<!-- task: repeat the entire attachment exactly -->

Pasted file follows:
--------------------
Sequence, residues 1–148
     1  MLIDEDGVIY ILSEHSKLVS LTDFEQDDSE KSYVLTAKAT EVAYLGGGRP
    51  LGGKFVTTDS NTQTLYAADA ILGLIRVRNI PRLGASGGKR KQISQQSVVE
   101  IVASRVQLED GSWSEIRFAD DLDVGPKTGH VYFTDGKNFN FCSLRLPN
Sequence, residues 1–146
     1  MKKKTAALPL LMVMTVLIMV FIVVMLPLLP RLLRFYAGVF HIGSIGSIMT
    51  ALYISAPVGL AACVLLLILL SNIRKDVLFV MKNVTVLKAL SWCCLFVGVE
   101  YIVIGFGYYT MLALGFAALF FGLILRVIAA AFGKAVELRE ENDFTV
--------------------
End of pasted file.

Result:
Sequence, residues 1–148
     1  MLIDEDGVIY ILSEHSKLVS LTDFEQDDSE KSYVLTAKAT EVAYLGGGRP
    51  LGGKFVTTDS NTQTLYAADA ILGLIRVRNI PRLGASGGKR KQISQQSVVE
   101  IVASRVQLED GSWSEIRFAD DLDVGPKTGH VYFTDGKNFN FCSLRLPN
Sequence, residues 1–146
     1  MKKKTAALPL LMVMTVLIMV FIVVMLPLLP RLLRFYAGVF HIGSIGSIMT
    51  ALYISAPVGL AACVLLLILL SNIRKDVLFV MKNVTVLKAL SWCCLFVGVE
   101  YIVIGFGYYT MLALGFAALF FGLILRVIAA AFGKAVELRE ENDFTV